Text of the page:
Saturday, November 25th, 2017

Soft hands drill for catchers

December 12, 2012 by  
Filed under Catching, Off-Season

The off-season and especially spring training can be brutal for catchers.  With all the emphasis on developing pitchers, often it’s the catchers who are left to simply catch bullpen after bullpen.  I’ve written before about the importance of not neglecting your catchers but here is an easy drill that can do a lot to develop those guys behind the plate.

This simple drill can work many of the basic techniques of receiving.

This soft-hands drill has a coach or partner simply lob balls underhand to a squatting catcher who catches the ball with his bare glove hand.  Tennis balls work well for younger kids.  Older kids should be able to handle hard balls.  The distance the coach throws does not have to be more than 10 feet.  In the process, the catcher is able to work on the finer points of receiving that include the following:

  • Funneling each pitch slightly in (an inch or two) towards the bellybutton to keep the corner pitches in the strike zone and to prevent the pitch from bouncing out of the hand.
  • Catching the ball by lightly pinching the index finger to the thumb as the hand closes to catch the ball.  This is the proper way the hand would work if the glove was on so it becomes important to do that same technique when catching bare handed.  The picture of Yadier Molina to the right shows this technique.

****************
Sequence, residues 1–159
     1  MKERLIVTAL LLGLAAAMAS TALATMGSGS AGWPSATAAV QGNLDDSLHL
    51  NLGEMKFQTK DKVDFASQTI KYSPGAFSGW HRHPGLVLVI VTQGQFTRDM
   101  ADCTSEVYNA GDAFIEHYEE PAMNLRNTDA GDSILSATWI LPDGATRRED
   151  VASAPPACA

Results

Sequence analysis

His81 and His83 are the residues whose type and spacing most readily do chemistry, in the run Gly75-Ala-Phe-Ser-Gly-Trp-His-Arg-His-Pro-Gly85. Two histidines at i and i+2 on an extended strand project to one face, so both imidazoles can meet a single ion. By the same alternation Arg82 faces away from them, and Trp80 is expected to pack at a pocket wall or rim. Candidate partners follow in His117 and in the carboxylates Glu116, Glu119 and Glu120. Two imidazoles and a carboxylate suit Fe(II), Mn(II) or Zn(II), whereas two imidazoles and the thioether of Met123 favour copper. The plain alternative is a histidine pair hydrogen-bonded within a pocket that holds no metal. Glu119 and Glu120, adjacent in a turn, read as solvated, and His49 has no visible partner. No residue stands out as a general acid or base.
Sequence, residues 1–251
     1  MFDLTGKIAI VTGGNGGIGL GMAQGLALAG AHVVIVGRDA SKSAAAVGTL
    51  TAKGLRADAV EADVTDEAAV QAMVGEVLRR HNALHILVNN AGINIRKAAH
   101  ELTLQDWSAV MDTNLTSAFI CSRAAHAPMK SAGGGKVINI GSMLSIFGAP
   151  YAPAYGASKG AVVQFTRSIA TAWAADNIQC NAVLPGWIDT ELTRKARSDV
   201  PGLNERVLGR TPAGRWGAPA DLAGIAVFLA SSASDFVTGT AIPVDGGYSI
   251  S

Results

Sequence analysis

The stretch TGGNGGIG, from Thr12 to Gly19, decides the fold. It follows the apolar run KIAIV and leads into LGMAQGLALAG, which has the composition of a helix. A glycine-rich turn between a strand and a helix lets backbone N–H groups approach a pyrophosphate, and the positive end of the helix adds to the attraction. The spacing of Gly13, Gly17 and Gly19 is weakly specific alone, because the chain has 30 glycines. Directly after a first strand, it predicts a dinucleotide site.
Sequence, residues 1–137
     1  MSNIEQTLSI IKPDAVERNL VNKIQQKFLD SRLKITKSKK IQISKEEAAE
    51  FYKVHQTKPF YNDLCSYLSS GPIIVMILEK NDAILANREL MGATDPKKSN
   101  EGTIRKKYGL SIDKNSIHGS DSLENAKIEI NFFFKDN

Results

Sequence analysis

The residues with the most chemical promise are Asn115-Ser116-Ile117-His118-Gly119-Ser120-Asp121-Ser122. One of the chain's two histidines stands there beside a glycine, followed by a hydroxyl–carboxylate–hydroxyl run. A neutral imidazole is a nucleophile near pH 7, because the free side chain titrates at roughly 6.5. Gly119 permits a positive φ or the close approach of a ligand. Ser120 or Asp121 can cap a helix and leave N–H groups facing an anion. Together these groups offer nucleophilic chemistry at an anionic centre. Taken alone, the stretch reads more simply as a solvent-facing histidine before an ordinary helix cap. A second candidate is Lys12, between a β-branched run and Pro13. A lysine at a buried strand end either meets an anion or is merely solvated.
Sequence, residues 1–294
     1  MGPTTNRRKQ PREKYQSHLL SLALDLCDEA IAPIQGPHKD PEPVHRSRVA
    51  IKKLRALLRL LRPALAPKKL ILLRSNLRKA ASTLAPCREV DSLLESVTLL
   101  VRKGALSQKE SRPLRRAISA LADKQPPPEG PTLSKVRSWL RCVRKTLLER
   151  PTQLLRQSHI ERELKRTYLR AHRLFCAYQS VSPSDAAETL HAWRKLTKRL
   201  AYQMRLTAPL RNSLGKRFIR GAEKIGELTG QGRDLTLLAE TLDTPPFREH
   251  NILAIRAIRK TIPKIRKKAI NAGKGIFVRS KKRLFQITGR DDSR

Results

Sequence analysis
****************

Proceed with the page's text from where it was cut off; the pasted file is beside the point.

• Good body receiving posture which includes a flat-footed wide base with more weight on the front half of the feet, the catching arm’s elbow above and/or outside the knee, quiet movements, and good balance. 
  • Tracking the track with your eyes all the way in to the hand.  This involves turning the head to look the ball into your hand instead of keeping your head still and just tracking the ball with just your eyes. 
  • Catching the ball closer to the body if it is a high pitch – this allows gravity to bring the pitch down a bit more before catching – and catching the low pitch farther out front – this allows the catcher to catch the ball before it has a chance to drop down further.  Both techniques make it more likely the pitch will be called a strike.

Using drills like this one for your catchers can go a long way in developing their catching skills and also will send the message that this time of year isn’t just for the pitchers.

Speak Your Mind

Tell us what you're thinking...
and oh, if you want a pic to show with your comment, go get a gravatar!